Ali North has been appointed as Hedgehog Officer for the Suffolk Wildlife Trust, seeing off global competition for the role.
Exeter graduate to play pivotal role in saving Mrs Tiggy-Winkle
The humble hedgehog is to be given a helping hand in its fight for survival, thanks to a recent graduate from the University of Exeter.
Ali North has been appointed as the UK’s first Hedgehog Officer for the Suffolk Wildlife Trust, seeing off global competition for the conservation role.
Ali, who recently completed a BSc and MSc at the Centre for Ecology and Conservation in Penryn, Cornwall, was selected from more than 150 applicants for the new position, which is designed to promote Ipswich as the most hedgehog friendly town in the country.
The hedgehog is a widespread species but has recently seen concerning declines in the UK, with numbers estimated to have dropped by up to a third in urban areas between 2000 and 2014.
The Trust chose to focus on Ipswich after receiving a large number of sightings by members of the public.
Ali’s work will involve building up a network of volunteers who will help create ‘hedgehog highways’, such as holes in fences and walls of urban gardens. This will reduce the threat of habitat fragmentation, which is a severe problem for urban hedgehogs.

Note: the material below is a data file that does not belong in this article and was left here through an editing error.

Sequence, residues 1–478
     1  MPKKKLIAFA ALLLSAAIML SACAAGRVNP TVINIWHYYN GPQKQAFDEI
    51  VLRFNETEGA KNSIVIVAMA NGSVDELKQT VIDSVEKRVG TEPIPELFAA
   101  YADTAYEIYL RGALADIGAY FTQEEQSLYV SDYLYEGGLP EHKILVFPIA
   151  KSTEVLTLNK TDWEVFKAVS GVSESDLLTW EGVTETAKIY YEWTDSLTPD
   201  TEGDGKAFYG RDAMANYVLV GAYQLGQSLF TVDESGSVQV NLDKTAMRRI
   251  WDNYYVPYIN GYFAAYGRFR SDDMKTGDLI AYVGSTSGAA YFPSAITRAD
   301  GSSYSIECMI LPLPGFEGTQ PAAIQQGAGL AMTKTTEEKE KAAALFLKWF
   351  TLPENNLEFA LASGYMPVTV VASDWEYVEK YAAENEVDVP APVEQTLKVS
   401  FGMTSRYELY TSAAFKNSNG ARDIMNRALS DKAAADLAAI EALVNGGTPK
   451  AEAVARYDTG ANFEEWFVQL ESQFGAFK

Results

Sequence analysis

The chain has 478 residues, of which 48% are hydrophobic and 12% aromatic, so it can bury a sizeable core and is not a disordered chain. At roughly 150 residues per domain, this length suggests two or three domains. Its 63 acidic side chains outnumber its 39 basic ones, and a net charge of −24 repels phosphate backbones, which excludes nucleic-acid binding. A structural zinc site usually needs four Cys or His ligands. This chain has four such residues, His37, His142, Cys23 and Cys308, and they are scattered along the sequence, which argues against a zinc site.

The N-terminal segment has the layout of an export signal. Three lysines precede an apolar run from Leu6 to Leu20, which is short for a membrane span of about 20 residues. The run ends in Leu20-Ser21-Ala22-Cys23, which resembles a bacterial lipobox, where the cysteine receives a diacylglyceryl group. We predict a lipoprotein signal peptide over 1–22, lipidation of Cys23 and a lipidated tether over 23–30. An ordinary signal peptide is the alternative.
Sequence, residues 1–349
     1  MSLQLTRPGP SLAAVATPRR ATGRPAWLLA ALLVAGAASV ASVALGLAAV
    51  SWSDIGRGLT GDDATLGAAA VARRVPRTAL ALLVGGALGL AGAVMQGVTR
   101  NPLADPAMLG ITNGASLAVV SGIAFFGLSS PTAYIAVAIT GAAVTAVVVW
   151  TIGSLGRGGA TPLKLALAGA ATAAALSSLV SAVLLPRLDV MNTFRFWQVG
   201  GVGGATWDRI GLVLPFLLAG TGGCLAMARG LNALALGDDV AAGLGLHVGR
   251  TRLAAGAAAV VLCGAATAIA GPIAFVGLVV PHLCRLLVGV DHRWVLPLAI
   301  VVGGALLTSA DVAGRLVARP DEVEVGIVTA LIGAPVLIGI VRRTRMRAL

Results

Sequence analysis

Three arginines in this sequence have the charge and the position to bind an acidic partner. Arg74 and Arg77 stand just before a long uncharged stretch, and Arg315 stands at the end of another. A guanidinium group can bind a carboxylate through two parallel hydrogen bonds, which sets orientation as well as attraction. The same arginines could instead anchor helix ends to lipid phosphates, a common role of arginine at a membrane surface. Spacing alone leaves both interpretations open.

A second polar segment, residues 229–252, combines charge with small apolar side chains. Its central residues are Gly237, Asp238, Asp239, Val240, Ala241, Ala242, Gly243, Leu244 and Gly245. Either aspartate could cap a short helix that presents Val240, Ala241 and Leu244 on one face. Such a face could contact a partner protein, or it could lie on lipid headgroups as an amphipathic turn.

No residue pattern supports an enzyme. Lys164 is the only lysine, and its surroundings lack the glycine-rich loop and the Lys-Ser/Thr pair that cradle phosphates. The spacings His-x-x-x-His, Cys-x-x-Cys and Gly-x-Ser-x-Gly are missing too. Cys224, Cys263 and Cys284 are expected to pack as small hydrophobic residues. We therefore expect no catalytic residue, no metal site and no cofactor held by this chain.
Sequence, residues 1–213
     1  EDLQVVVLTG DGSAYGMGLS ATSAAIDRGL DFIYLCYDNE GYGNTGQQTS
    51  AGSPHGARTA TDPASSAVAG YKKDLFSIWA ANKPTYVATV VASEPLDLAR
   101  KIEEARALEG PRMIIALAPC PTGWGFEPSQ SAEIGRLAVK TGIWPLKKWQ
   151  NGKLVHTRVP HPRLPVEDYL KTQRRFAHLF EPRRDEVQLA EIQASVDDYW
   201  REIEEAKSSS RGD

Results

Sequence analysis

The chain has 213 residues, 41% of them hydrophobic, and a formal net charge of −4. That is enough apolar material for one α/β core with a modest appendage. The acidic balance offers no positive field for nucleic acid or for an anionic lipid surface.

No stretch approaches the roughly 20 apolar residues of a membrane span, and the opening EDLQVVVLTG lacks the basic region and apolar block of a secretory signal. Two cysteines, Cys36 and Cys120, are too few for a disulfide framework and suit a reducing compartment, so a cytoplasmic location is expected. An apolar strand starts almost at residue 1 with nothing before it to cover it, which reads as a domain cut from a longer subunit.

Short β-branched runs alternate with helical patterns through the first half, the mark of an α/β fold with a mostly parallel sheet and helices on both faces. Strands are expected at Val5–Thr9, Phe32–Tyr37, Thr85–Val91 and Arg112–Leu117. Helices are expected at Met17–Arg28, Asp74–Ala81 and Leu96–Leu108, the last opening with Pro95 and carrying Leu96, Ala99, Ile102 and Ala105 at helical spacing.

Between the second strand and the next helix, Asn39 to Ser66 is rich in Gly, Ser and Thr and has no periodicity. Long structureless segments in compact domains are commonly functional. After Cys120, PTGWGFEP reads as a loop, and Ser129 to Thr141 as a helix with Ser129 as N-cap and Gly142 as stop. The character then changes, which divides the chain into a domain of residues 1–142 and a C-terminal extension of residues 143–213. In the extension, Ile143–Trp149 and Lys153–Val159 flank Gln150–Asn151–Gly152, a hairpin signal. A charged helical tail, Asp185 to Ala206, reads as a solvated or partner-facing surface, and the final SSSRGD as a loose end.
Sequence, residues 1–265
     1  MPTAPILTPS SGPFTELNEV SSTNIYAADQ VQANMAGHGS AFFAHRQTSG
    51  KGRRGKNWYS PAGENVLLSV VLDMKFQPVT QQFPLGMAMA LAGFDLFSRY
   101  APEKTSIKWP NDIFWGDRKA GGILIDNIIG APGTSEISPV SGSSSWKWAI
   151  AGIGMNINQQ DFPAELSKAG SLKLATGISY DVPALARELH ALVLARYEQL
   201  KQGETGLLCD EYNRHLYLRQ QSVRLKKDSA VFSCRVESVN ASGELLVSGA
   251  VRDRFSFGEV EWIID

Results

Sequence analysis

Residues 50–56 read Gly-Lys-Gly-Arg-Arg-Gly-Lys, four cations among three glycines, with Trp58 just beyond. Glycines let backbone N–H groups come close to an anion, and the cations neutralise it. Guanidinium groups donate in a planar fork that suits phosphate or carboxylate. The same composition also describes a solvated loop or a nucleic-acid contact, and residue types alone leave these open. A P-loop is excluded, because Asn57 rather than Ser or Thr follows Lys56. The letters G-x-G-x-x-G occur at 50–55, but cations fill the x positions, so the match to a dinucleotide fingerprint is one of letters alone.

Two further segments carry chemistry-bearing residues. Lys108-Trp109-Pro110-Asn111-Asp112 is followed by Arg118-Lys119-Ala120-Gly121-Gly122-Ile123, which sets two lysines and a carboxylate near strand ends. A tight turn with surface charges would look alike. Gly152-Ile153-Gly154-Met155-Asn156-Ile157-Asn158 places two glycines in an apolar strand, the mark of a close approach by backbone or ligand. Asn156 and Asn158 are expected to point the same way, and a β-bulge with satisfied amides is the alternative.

Alongside this, she will also create a general awareness campaign, promoting wildlife friendly garden management techniques.
Ali said: “My courses at Exeter definitely gave me a good backing in general ecological theory and practical knowledge that has been useful for all of my jobs since graduating. It also provided me with skills such as how to communicate science, how to develop rigorous methodologies and how to manage and analyse data, all of which will be so useful for this post.”
“Whilst at Exeter I was involved in a number of projects that were also beneficial to this role. This includes my ecological survey and engagement work that I did with the society Ecosoc. In addition I conducted a harvest mouse conservation research project at the Environment and Sustainability Institute between my undergraduate and postgraduate degree, funded by People’s Trust for Endangered Species.
“My undergraduate research project focused on the impact of artificial street lighting on small mammals which gave me a good backing in mammal ecology and my MSc research project looked at disease in UK amphibians which gave me great experience in working with garden owners, which will be especially relevant for my new job as a Hedgehog Officer.”
Date: 26 September 2016